Micayla Pearson is an Academy Alum from the PA Ursids Class of 2016. She is also a Texas Brigades Alum! She is entering her sophomore year at Texas A&M University – Kingsville, majoring in Range and Wildlife Management. Currently, Micayla is employed by the East Foundation in South Texas as a research assistant. In this guest blog, she reports on her journey to finding her next step in life, which leads to her summer dream job.
Upon finishing my first semester at Texas A&M University, Kingsville- one of the top schools in the nation for range and wildlife management- I found myself searching for opportunities to get into the field of natural resource management and conservation education. I spent some time over Christmas volunteering at a museum, and I loved every bit of it! Teaching and educating visitors about the native flora and fauna of Texas was really rewarding, but I still kept asking myself, what is my next step?
I have been working for a leadership program focused in wildlife and natural resources for about 4 years, and I was looking to expand my horizons. Lucky for me, I had a plant identification contest coming up soon and it just so happened to be at the state meeting of The Wildlife Society. At the meeting, I was following my team members around the convention hall not knowing that my next step would be presented to me.
Flash forward a few months to the present, I am living out my dream! Turns out, my next step would be working for the East Foundation the summer after my freshman year. For those who don’t know about the East Foundation, they are a non-profit organization that supports wildlife conservation and the public benefits of private land management. The foundation strives to educate the communities of Texas about our native wildlife, through research, education, and sustainable livestock management.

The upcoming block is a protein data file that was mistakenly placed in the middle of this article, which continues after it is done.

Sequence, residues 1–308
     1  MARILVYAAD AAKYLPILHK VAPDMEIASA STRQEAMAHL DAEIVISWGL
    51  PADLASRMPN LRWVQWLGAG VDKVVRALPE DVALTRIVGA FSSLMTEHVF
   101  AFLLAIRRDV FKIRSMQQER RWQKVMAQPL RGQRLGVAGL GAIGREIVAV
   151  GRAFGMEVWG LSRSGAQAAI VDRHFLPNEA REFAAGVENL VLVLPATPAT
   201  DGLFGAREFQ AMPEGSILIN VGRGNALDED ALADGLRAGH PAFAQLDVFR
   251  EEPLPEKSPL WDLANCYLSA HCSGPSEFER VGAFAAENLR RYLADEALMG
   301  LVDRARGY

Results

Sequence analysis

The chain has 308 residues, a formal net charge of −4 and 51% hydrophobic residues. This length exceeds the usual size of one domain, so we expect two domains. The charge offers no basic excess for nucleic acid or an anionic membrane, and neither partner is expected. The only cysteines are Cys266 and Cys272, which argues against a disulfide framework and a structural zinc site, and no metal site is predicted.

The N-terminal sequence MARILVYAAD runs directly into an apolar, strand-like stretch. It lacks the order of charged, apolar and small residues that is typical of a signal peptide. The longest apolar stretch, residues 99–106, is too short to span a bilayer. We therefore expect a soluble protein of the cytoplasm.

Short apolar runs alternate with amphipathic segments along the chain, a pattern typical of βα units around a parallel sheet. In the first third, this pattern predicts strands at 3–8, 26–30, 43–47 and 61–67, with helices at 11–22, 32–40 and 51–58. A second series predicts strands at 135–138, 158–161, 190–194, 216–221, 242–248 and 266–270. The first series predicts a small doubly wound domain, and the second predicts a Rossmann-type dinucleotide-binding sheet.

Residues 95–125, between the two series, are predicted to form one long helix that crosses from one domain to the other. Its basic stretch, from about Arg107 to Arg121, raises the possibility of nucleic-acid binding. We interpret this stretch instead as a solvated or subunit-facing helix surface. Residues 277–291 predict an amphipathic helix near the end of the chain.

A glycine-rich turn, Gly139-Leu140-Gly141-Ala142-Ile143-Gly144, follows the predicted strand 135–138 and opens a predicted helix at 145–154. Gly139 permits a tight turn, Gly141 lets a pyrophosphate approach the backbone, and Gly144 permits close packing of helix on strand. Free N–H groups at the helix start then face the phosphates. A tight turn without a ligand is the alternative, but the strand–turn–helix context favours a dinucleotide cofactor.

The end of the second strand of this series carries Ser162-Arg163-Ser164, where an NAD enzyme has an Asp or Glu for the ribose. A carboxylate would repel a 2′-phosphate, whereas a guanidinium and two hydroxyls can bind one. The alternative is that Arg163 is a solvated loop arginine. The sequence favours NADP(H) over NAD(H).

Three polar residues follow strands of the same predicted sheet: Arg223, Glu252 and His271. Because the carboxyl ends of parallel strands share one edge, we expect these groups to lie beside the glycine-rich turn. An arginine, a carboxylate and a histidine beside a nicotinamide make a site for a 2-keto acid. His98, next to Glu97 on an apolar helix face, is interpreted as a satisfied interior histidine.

This summer, I have had the opportunity to work for the foundation as a research assistant looking at vegetation types and densities to help determine cattle grazing rates. Currently, I am looking at the recovery rate and species return after pastures have been grazed at a high, medium, and low pressure. Working here has not only allowed me to brush up on my plant identification skills, but it has taught me valuable research techniques that I would not have been able to learn otherwise.
Living and working in deep South Texas has allowed me to experience so many things and I cannot even begin to tell you about them all. Thank you, East Foundation, for allowing me to have this wonderful opportunity to expand my knowledge about the natural resources and how to manage them. I urge you, whether you are in high school, college, graduate school, or already in your career, constantly look for your next step as you never know where it might come from. I do not know what will come next, however my experience this summer has helped me feel ready for it.